Captive State

Goodman, badman.

“Captive State” is geeky, serious sci-fi told with a straight face and no comic relief. This is essential because, like most geeky sci-fi, it’s a hair’s breadth from cheesiness: A few missteps and the whole thing becomes a campy laughingstock. But director Rupert Wyatt, who made the similarly perilous “Rise of the Planet of the Apes” and co-wrote “Captive State” with his wife, Erica Beeney, defies his frustratingly cheap budget with handheld cameras and a docudrama style that thrusts us into the urgency of the situation. In short, we believe it, no matter how ridiculous it is.

The film is set nine years after all of Earth surrendered to an alien invasion, putting humanity under extra-terrestrial rule. America still has essentially the same form of government, but now the legislators are aliens. Our law enforcement, collaborating with the invaders, have turned us into a police state, and every human has been outfitted with an “identity implant” in the neck. Moreover, the general consensus among humans now is that the alien takeover was a good thing. Our country was a mess before first contact, and now it’s been cleaned up! Crime is at an all-time low, so you can walk the streets safely (as long as you never say anything critical of the E.T.s in D.C.).

Our story is concerned with both sides of the brewing war: the underground Resistance (who are widely viewed as terrorist insurgents) and the police, represented by John Goodman as a determined agent named Mulligan. It’s hard to accept Goodman as anything other than, well, a good man, so we give him the benefit of the doubt that he’s been brainwashed by alien propaganda and is simply doing his job. On the other side, a young man named Gabriel (Ashton Sanders) has ties to a secret group of resisters called Phoenix — led by his supposedly martyred brother, Rafe (Jonathan Majors) — that’s planning something big at an upcoming Unity Rally where the aliens are scheduled to make an appearance.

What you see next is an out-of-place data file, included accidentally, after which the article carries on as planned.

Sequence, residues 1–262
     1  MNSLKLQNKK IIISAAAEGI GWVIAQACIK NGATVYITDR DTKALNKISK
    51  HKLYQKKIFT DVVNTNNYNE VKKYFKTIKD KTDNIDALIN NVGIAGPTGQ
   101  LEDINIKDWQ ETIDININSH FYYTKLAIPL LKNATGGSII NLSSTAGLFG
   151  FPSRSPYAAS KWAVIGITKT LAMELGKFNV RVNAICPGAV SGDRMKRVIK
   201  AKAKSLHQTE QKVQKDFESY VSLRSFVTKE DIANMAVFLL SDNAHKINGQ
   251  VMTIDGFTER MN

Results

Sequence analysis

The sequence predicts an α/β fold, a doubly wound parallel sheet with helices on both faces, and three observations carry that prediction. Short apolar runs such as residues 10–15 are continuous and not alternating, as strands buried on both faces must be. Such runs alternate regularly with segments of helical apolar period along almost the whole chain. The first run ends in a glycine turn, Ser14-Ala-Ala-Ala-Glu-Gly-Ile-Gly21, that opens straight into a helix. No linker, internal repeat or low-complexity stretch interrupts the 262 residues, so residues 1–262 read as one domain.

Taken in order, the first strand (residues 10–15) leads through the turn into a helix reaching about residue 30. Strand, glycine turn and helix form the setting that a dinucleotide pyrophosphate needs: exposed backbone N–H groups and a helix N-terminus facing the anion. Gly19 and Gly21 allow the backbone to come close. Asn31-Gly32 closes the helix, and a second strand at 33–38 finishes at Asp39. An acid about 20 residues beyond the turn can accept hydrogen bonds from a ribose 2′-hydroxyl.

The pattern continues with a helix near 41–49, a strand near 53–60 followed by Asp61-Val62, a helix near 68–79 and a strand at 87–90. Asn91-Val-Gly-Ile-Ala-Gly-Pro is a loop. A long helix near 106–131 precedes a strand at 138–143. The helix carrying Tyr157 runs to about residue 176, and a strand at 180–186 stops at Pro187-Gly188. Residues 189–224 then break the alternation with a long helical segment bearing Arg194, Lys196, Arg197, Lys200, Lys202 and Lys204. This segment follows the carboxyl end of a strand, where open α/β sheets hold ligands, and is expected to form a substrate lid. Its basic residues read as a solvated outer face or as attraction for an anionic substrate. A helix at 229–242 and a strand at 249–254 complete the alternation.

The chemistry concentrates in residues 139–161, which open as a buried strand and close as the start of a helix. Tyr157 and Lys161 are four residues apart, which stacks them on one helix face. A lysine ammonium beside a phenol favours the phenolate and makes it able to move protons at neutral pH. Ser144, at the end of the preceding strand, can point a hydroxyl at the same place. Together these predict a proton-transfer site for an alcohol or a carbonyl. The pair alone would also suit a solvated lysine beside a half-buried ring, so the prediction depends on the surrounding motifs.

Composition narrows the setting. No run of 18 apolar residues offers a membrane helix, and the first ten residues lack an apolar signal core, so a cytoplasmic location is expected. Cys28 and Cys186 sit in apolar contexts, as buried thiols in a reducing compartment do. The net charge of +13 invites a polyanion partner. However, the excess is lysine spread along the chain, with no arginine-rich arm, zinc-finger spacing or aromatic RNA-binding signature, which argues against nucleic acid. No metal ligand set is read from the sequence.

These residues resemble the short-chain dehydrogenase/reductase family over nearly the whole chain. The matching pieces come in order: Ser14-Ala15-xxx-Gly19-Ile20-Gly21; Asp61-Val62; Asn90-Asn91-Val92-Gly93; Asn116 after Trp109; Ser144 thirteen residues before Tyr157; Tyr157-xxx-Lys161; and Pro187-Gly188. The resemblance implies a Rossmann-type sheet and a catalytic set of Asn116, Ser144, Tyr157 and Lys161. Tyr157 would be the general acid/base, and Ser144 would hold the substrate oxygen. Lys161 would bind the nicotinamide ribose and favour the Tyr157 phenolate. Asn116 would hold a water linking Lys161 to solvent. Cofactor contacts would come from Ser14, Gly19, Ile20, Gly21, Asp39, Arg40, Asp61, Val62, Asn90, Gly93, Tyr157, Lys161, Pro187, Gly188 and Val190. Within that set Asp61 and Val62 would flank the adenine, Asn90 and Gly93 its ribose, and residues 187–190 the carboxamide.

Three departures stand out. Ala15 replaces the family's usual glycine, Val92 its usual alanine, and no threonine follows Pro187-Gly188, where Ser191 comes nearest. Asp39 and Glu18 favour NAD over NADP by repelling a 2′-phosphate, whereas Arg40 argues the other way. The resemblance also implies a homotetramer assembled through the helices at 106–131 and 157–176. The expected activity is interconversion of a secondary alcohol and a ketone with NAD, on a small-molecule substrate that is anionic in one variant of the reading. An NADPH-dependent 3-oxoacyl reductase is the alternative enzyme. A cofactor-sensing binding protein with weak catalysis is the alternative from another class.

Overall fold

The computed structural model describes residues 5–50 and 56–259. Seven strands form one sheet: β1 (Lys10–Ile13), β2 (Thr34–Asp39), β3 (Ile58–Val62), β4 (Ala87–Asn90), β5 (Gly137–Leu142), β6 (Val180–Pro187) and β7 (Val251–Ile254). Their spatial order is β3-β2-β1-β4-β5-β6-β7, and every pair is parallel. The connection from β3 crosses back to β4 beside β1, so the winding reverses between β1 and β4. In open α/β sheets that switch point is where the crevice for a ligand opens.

Wyatt and Beeney’s screenplay shows thought and consideration. Technological development came to a halt when the aliens took over and jammed digital signals, so most people who aren’t collaborators have outdated computers and communication devices. The Resistance is all analog now, including the use of carrier pigeons. Newspapers are important again. Everything in occupied Chicago, where the action is set, looks authentically grimy and rundown, like the world in “Ready Player One” was supposed to be.

Recognizable actors are strewn throughout: Vera Farmiga as an upscale prostitute who gives Mulligan information; Alan Ruck as a Phoenix member working on the inside; Kevin Dunn (from HBO’s “Veep”) as Mulligan’s alien-supporting boss. Goodman’s authoritative presence gives the film weight, and Ashton Sanders (“Moonlight”) continues to be a quietly soulful actor who commands attention whenever he’s onscreen (which isn’t enough).

While the plot has its shocking moments, it’s not built on twists or pyrotechnics but on the secret machinations of Phoenix and the feds. Parallels to real-world propagandists and their collaborators are clear without being heavy-handed. It’s a bit overlong, but Wyatt’s earnest intensity had me hooked for most of it. I for one, do NOT welcome our new insect overlords.

Crooked Marquee

B (1 hr., 49 min.; PG-13, a little mild profanity, mild sci-fi violence and themes.)